Millions of individuals compete in competitive sports and events each year in the United States. 480,000+ are NCAA players. 500,000 run marathons each year. Millions more play school sports, start weight loss programs or are trying to learn a new fitness skill. However, you don’t have to be a professional athlete to start a training routine to get healthier and stronger. Use these tips to get started!
Start out by setting your fitness goals. What do you want to accomplish? For example, do you want to lose weight, kick a chronic condition, improve your energy, sleep better, or fit into your high school jeans? Set a goal and make it SMART (see link) so that you can reach your goal. Always have your goals written down where you can see them and make a set time to do your exercising.
Second, decide where you are going to start training. Many gyms will have personal trainers to help you get into shape for something specific. We do the same with customized stretches, exercises and injury prevention. However, you get the added bonus that we help you work around your limitations, injuries and ailments. Decide whether you will work at a center, gym, at home, with a friend, or outside and dress accordingly.
Pick the right exercise helps. If you want to start biking more, consider joining a spinning class to tone the right muscles. Join online communities for like-minded people that want to reach the same goals. A training routine done with another is one more likely to succeed.
With any training routine, you must focus on diet and exercise. Exercise is key to building muscle and endurance. Exercise will increase your circulation, sending more nutrients and oxygen-rich blood to all your tissues, organs and bones. It can help you avoid inflammation (as long as you don’t overdo it), joint pain, back pain, chronic conditions and muscle atrophy.
If you are starting a training routine after doing nothing, start with doing a minimum of 150 minutes a week of moderate exercise. That could be brisk walking or some running. 150 minutes is about 30 minutes, 5 days a week, which is the recommended amount for non-athletes by the American Heart Association. For those wanting to train for a sport or weight loss, try doubling that amount of time the second or third week. When reps with lifting become easier, move up to the next weight size while doing the same reps. With running, you must slowly increase your mileage each week by a mile or 2 to avoid injuries in your muscles.
The hardest part for most people is going too fast with training. Take it slow and follow training routines specific to your end goal or sport.
It’s always smart to know how to operate any type of machine in a gym and at home if you are using it for exercise. USA Today reported statistics from 2012 that recorded 460,000 people sent to the hospital in the U.S. from exercise equipment injuries. Treadmills bring the highest number of training injuries like broken bones from falls, abrasions, chest pain and difficulty breathing.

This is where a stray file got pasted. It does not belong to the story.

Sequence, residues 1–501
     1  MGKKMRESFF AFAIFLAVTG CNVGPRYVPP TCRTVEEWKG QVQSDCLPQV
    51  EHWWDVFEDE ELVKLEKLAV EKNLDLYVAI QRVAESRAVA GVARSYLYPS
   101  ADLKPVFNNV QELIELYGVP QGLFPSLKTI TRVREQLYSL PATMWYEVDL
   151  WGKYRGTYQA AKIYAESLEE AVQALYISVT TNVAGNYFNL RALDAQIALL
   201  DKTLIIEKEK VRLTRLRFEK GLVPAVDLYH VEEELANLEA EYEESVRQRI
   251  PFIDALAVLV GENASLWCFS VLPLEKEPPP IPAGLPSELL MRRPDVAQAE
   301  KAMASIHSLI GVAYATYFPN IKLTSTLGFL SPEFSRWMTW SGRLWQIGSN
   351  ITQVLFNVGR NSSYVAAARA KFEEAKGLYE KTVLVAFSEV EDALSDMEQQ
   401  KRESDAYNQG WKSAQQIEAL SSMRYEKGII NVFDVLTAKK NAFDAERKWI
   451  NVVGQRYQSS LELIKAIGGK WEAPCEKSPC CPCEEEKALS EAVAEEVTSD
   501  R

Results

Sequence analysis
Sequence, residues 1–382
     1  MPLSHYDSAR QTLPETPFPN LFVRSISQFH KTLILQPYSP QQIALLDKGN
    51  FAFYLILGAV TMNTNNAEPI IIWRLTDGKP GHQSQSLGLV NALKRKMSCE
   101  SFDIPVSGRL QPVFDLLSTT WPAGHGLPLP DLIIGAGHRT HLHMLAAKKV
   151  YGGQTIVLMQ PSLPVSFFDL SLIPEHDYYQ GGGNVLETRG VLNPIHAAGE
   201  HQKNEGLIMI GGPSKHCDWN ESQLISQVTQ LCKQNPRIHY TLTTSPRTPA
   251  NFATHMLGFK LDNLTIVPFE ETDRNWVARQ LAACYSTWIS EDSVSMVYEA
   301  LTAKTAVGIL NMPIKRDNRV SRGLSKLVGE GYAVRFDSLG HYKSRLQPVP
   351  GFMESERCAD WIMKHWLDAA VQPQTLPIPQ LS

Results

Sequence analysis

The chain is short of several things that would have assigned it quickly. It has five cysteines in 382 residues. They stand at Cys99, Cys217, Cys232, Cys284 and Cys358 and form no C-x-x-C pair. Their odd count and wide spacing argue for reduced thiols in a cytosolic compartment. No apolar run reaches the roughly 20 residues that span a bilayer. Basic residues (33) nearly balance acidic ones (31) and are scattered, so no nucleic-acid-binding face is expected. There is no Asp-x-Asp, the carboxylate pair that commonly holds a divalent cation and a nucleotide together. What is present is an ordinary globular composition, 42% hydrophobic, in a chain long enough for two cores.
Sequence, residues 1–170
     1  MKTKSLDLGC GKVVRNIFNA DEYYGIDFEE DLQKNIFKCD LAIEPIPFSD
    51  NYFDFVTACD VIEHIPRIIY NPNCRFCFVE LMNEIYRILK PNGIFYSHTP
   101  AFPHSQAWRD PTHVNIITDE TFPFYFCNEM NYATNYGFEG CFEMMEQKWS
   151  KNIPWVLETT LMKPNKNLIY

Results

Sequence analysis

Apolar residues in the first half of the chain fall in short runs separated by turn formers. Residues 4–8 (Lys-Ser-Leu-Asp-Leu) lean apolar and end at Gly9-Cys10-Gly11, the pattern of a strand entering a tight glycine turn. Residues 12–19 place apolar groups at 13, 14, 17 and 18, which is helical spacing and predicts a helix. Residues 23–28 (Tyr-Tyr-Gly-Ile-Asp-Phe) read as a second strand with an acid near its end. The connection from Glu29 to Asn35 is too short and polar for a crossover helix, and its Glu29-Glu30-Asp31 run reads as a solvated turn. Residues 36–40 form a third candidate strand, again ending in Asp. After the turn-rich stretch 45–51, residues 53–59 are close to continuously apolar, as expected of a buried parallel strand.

Some say to stretch before you work out. However, science shows that you may be better off stretching after you have warmed up. That means you work out for 5-10 minutes and then do some light stretching. Finish your workout and follow it up with more stretching to reduce lactic acid in your muscles that causes soreness. Cold stretching when your muscles haven’t been warmed up can lead to injuries. Running or exercising in the elements can lead to slips and falls, which have sent many to the hospital with broken bones, back, neck, shoulder, hip, wrist and elbow injuries.
To avoid injury, you have to know the exercises you are doing and research proper training technique. Failure to lift, sit, stand and perform exercises correctly can result in injuries that lead to months of healing and a longer period to reaching your goal.
There are many factors that are involved in a great training routine. One method for a running athlete may not be the best method for another type of athlete. Your training routine may differ based on your age, the climate, elevation and if you have physical limitations or chronic conditions. No matter your condition, you can always have your muscles stay active through physical therapy and vibration therapy. Physical therapy is always tailored to the patient and will accommodate injuries, chronic conditions and physical limitations.
This deals primarily with impairments to the musculature of the body, which can happen with new training routines and especially vigorous exercise. As you train, your body can naturally come out of normal alignment from motion and exercise. This can cause trigger points, uneven joint pressure, back pain, neuropathy symptoms and more. Physical therapy helps you overcome those issues as you train and involves customized therapies and exercises for you.
Vibration therapy is one that athletes love, especially in the cold winter months when it can be harder to train for many people. This therapy has patients stand on a vibrating platform machine. This machine will send countless vibrations through the body, which will cause the muscles of the body to contract and relax dozens of times per second. In just a few minutes each session, you can keep your muscles toned and reduce your risk for training injuries.
Don’t start a training routine on your own! We often see patients with injuries from sports or exercise due to improper technique or overexertion. The best way to start a training routine is to know your goals and to work with a professional to get there. Working with someone can help you reach your goals quicker than you otherwise could. To get started with a health evaluation and counseling for your fitness goals, call Back2Health today at (843) 405-0025!